top of page


Updated: Aug 16, 2022

Something that I have repeatedly stated over the last decade or so is that motorcycles CAN stop a lot quicker than we're regularly told is possible. I know that because I've conducted my own tests.

From 20 mph (30 kph), I can stop in two bike lengths - around four metres.

From 30 mph (50 kph), I can stop in somewhere around five bike lengths - about ten metres.

I've done some higher speed tests, but let's stick with those as they represent the typical urban limit speeds where most junction collisions happen.

Those figures were achieved using two different 600s, one with ABS and the other without, just triggering the rear ABS on the Yamaha and lifting the rear wheel slightly on the Honda.

Both bikes were fitted with part-worn original equipment pads, neither had the brakes freshly serviced and both were wearing mid-life sport-touring compound tyres.

In other words, typical of the kind of bike that the average rider on the road is likely to be using, rather than a factory development model, a brand-new, off the shelf bike being road-tested by a magazine, or even the kind of health-and-safety prepared bike that's almost certain to be used by road safety researchers.

And also representative of the surfaces we have to ride on, rather than a proving ground or a race track, the surface was a typical supermarket car park.

My only concession to 'testing' was that I started gently and built up speed and braking force. I didn't simply go for broke the first time, which of course is what we'd all have to do in an emergency.

And after a few runs building up pressure, I was able to achieve a good level of consistency. The only thing I would say worked in my favour is that I practice e-stops every spring, and I regularly demo e-stops throughout the year.

Now, I ran those figures through a stopping distance calculator.

Assuming a reaction time of 0 (because I knew I was going to stop and was already covering the brakes)...

- a 4 metre stopping distance from 30 kph generates a deceleration of -8.68 m/s. That's actually 0.885 g.

- a 10 metre stopping distance from 50 kph generates a deceleration of

-9.65 m/s. And that's 0.984 g...

...which explains why the rear wheel was starting to lift.

Why didn't I get to quite the same level of deceleration from 20 mph / 30 kph? My guess is that even though I was braking as rapidly as I could, it still takes measurable time to build the braking pressure. With less speed to get rid of, this 'building' phase lasts more of the overall time the brakes are actually applied.

Can YOU get that good?

Well, I believe you can, although it does take a bit of practice And various research papers suggest that it's not impossible.

For example, a recent study on braking performance found that the mean braking forces (in m/s) generated by four different skill groups were as follows:

  • Novice - 3.83

  • Intermediate 5.28

  • Advanced - 6.79

  • Expert 8.03

These are the results averaged out. And one of the expert riders actually managed a peak rate of deceleration of 9.82 m/s. That's actually a bit better than my calculated rate of deceleration.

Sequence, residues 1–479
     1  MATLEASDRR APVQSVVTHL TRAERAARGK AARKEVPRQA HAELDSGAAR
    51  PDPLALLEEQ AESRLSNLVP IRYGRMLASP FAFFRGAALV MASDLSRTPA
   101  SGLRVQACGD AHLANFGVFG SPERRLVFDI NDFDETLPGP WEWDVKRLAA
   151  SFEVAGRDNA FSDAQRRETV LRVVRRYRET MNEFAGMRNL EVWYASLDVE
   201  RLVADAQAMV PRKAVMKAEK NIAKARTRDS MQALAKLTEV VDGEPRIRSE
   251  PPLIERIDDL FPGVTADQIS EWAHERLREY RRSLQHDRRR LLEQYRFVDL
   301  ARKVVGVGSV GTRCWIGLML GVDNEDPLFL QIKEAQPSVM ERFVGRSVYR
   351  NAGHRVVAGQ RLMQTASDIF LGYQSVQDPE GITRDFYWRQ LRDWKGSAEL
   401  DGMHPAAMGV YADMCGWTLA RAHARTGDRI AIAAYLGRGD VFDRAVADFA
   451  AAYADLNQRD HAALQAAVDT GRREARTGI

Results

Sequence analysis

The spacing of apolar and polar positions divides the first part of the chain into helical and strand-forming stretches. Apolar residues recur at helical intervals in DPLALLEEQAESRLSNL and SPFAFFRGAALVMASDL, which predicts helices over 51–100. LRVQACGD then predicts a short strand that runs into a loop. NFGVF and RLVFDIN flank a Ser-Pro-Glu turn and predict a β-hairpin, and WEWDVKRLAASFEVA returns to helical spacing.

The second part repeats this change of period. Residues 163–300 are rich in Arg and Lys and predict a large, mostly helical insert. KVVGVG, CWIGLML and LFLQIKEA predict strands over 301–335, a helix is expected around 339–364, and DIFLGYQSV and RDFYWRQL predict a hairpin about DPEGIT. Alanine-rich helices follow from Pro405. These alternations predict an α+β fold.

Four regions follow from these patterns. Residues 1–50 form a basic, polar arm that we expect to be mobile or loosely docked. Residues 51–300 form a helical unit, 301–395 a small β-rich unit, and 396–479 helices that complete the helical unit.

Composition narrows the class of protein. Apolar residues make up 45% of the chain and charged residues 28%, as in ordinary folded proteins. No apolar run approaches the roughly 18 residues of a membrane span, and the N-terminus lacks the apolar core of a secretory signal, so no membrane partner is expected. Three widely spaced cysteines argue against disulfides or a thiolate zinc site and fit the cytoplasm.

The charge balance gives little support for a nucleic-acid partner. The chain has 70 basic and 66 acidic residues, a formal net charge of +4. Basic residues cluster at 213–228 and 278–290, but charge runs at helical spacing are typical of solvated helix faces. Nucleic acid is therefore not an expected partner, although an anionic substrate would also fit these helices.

The scary bit is just how much better the advanced and expert riders where than the novice rider.

Plugging that 3.83 m/s rate of deceleration into the stopping distance calculator, it would have taken that rider just over 9 metres to stop from 30 kph, and just over 25 metres to stop from 50 kph.

Now, remember braking isn't linear but we lose around one QUARTER of our speed in THREE QUARTERS of our braking distance. Imagine an incident where I JUST stopped as a car turned across me. At what speed would the novice hit the car? The answers are:

  • over 15 mph at a starting speed of 20 mph

  • over 23 mph at a starting speed of 30 mph

And it's that poor braking ability which at least partly explains why so many less-experienced riders are caught at by junction collisions. Not only are they less aware of the problem in the first place - so more likely to either freeze or panic-brake and fall off before they get anywhere near the car (see 'No Surprise' for an explanation), if they do manage to get the brakes on, they don't use them effectively.

And that's why US researcher James Ouellet puts the 'at risk' zone at a junction on an urban road as three seconds out. At 30 mph, we'll cover 40 metres in three seconds. If it takes just ONE SECOND to recognise the threat AND react, we'll travel 13,4 metres. And if our braking is in the novice category, it'll take another 25 metres to stop. We'll avoid a collision by just 1.6 metres.

The fact is, we rarely have the luxury of three seconds warning, and that's why so many riders have junction collisions.

And just in case you think that the bikes they were using were some kind of escapee from the MotoGP paddock, it was in fact it was a 300cc Piaggio Beverly scooter with automatic power transmission and standard brakes independently actuated - no anti-lock braking system (ABS) or combined braking system (CBS) - by two hand levers.

It was chosen as being most representative of the small-to-medium sized scooters (150-300cc) most frequently sold in Italy.

Here's the reference:

"Emergency braking performance of motorcycle riders: skill identification in a real-life perception-action task designed for training purposes": P. Huertas-Leyva et al

Read the full PDF here:

Stopping distance calculator

g force calculator

WANT TO READ THE FOLLOW-UP ARTICLES? SUBSCRIBE TO MY Ko-Fi PAGE: How short can a bike stop at speed? Speed, braking distance and overtaking

24 views0 comments


I commenti sono stati disattivati.
bottom of page